Today marks ten years since four airplanes changed our world view and how many of us live. I’ve avoided most of the news coverage of this unpleasant anniversary. By choice. And I will continue to do so until Monday. I don’t have much to say currently. I plan on quiet internal reflection and spending this day with people I love.
The post below was originally written on September 11, 2010:
September 11, 2001. A date burned into most Americans’ consciences and one where I bet you can tell me where you were and what you were doing. I can tell you. I was watching the Today Show and Matt Lauer was interviewing Tracey Ullman, when video started coming in about a plane crashing into one of the World Trade Center towers in NYC. “Oh that’s awful,” I thought as I went to work at the local Girl Scout Council. As the morning wore on, more shocking and horrible news came in. Another plane had hit the other World Trade Center tower and a plane plowed into the Pentagon. Music was no longer being played on radio stations. The State of Delaware went into a state of emergency requesting schools and businesses close. Information was limited. People were concerned and frankly down right scared. Before, we all went home, we gathered around in a friendship circle, a Girl Scout tradition, where we had a moment of silence to reflect or pray as colleagues and friends, and we held hands tightly. I didn’t go the straight home, but volunteered to help run the board at the University of Delaware’s radio station, WVUD, where I hosted a show. I don’t know how long I stayed making sure the AP feed came through. By the time I got home, I was numb. I didn’t see the horrific footage of the towers falling until the next day. I just remember how quiet the world seemed. An unsettling quiet of uncertainty. As the facts started to unfold, I was shocked and angry. I was angry with the people who did the act and took part in the planning.I was not angry at a religion or at a region.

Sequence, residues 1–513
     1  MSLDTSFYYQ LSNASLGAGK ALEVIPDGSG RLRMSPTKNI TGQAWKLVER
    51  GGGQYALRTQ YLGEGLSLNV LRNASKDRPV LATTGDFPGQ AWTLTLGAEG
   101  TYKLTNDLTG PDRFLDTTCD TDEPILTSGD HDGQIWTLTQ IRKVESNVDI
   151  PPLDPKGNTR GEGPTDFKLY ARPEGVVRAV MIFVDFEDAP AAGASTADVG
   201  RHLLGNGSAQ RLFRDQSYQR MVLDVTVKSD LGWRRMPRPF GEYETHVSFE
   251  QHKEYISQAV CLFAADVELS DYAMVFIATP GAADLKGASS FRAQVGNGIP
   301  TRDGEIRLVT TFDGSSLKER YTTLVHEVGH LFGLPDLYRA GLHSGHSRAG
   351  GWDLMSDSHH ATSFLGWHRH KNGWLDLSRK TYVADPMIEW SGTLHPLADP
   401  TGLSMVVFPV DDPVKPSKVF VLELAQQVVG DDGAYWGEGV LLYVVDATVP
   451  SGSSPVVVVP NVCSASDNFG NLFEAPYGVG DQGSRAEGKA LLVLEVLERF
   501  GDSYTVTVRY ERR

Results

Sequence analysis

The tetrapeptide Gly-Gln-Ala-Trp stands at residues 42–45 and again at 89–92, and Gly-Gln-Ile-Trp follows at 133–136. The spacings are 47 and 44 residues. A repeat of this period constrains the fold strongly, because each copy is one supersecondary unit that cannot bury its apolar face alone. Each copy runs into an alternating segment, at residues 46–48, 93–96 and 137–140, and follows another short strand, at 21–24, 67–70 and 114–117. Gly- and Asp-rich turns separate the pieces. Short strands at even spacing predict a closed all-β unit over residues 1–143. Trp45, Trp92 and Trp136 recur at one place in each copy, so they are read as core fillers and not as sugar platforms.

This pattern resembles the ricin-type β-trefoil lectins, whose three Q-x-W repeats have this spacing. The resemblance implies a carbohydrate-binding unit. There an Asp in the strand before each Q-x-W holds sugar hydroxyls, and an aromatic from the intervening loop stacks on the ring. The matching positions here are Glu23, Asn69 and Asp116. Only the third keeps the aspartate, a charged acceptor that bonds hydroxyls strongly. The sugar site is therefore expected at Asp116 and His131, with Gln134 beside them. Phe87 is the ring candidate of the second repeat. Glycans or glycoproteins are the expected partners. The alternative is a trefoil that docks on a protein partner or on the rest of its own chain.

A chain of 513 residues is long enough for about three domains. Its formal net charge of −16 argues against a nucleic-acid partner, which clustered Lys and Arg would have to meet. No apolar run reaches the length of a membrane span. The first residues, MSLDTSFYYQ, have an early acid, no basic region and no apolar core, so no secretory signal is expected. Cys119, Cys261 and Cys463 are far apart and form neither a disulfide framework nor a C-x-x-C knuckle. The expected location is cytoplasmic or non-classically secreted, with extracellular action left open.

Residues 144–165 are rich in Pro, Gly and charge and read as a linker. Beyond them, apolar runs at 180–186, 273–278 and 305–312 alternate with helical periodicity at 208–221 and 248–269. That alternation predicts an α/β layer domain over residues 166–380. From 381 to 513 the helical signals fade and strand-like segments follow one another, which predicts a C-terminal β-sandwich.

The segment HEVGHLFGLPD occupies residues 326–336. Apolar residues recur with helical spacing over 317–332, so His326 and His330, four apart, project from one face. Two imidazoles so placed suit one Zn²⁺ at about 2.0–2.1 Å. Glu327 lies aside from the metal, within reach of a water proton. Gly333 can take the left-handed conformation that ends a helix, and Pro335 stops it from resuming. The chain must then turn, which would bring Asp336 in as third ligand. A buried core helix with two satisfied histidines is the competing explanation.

Fast forward less than a month. My husband had a conference in NYC and I tagged along with him. There was talk of canceling the conference and I’m glad the organizers went ahead with it. People came in from around the country and the world. We took the train up from Wilmington to Penn Station. I always sit on the right side of the train heading to New York for I think the views are better. As we came to the view of NYC, there was a smoking, gaping hole in the skyline. It was starting to sink in that the World Trade Center was gone.
We stayed at a small hotel on 57th Street. A ride in the elevator has stuck in my mind all this time. We were going up to our room and were joined by a priest about our age. He was wearing coveralls, but I could see his collar. He had been at Ground Zero. He looked drained and covered in dust. In hands, he clutched a bag from the Hard Rock Cafe containing drum sticks. We didn’t talk. As part of the conference, there was an early morning walking tour of lower Manhattan. We took the subway there. Our fellow riders were rescue workers and police with machine guns. It was surreal. It got more so when we came out of the Fulton Street subway station. Everything was covered in dust. There were shells of buildings as we looked down the street. Ground Zero was still smoking. The smell has stuck with me. It was a sickening smell and with all my skills of using words, I can’t even describe it. All I know is that I don’t want to ever smell it again.
NYC felt different as we walked around the city. I felt different. I become more aware.
Sometimes it isn’t the event that stays with you but the aftermath.